Dependency Injection - hello world? C#

Can anyone create a simple "hello world" example of Dependency Injection?  Please use C#.


I have a pair of web references.  Depending on factors I won't know until runtime...I will be using one or the other.

Is that enough information?
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Tom KnowltonWeb developerAsked:
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käµfm³d 👽Commented:
Dependency Injection is just a fancy term for parameters...suffice it to say. Anywhere you see "Blah x = new Blah()" in your code is potential for leveraging DI. As an example:

namespace ConsoleApplication14
{
    class Program
    {
        static void Main(string[] args)
        {
            Remote remote = new Remote();

            remote.TurnOnAppliance();
        }
    }

    class Remote
    {
        public void TurnOnAppliance()
        {
            Light appliance = new Light();

            appliance.TurnOn();
        }
    }

    class Light
    {
        public void TurnOn()
        {
            // Turn on the light
        }
    }
}

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The Remote class above has a dependency on the Light class. You know this because you can see a "Blah x = new Blah()" in line 17. What if you wanted to use the Remote for something else? Well, right now you can't because it's hard-coded to turn on lights. What if we could tell the Remote to turn on any kind of appliance? How about a Television:

class Television
{
    public void TurnOn()
    {
        // Turn on the T.V.
    }
}

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What if we modified the Remote class to extract the dependencies? Say:

class Remote
{
    public void TurnOnAppliance(IAppliance appliance)
    {
        appliance.TurnOn();
    }
}

interface IAppliance
{
    void TurnOn();
}

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Now I've created a new interface that declares the TurnOn method. I also modified the TurnOnAppliance method to accept objects that implement this interface. So, how might an appliance implement this interface?

class Light : IAppliance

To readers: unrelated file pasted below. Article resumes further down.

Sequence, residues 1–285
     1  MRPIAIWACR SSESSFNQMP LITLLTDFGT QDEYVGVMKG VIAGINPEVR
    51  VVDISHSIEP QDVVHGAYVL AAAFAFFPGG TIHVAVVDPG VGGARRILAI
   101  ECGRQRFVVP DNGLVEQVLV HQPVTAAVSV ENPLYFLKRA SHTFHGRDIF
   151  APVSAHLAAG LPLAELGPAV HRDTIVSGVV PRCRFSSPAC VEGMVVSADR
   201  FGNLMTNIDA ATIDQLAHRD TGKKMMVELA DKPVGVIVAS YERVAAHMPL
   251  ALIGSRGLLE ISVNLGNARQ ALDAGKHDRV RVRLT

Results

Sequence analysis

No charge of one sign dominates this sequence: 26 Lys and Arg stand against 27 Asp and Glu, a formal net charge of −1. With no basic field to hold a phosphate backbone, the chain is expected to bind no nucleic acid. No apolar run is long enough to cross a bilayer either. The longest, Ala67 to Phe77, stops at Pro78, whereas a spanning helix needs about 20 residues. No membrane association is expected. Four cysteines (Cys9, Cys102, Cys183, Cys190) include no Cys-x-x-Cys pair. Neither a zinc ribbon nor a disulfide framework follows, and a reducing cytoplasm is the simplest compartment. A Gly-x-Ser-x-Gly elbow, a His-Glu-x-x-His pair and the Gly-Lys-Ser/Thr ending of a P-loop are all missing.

{
    public void TurnOn()
    {
        // Turn on the light
    }
}

class Television : IAppliance
{
    public void TurnOn()
    {
        // Turn on the T.V.
    }
}

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I cheated a little:  Both classes already had the TurnOn method. Nevertheless, now they both implement the IAppliance interface. Now I can inject appliances into my remote:

class Program
{
    static void Main(string[] args)
    {
        Remote remote = new Remote();
        Light light = new Light();
        Television tv = new Television();

        remote.TurnOnAppliance(light);
        remote.TurnOnAppliance(tv);
    }
}

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I made the dependencies external to the Remote class, and such dependencies now have to be passed in (as a parameter). Now my Remote class doesn't have to change if I get new appliances. I only have to ensure that each appliance that I want the Remote to interact with implements the IAppliance interface.

The type of DI I show above is called "parameter injection". There is also "constructor injection"--same as parameter injection, but passed to the constructor rather than a method--and "property injection", where you assign the dependency to a property of the dependent class. The latter is the least-favorable approach of the three.
0
Mike EghtebasDatabase and Application DeveloperCommented:
kaufmed,

I have been following and reading about this topic since this morning. Your explanation is so simple and effective that even I get to understand it (FYI, I am new to .net).

Thank you for the generous post.

Mike
0

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Tom KnowltonWeb developerAuthor Commented:
I agree with eghtebas, kaufmed.  : )

You've de-mystified DI for me.  Great job on the example.

Tom
0
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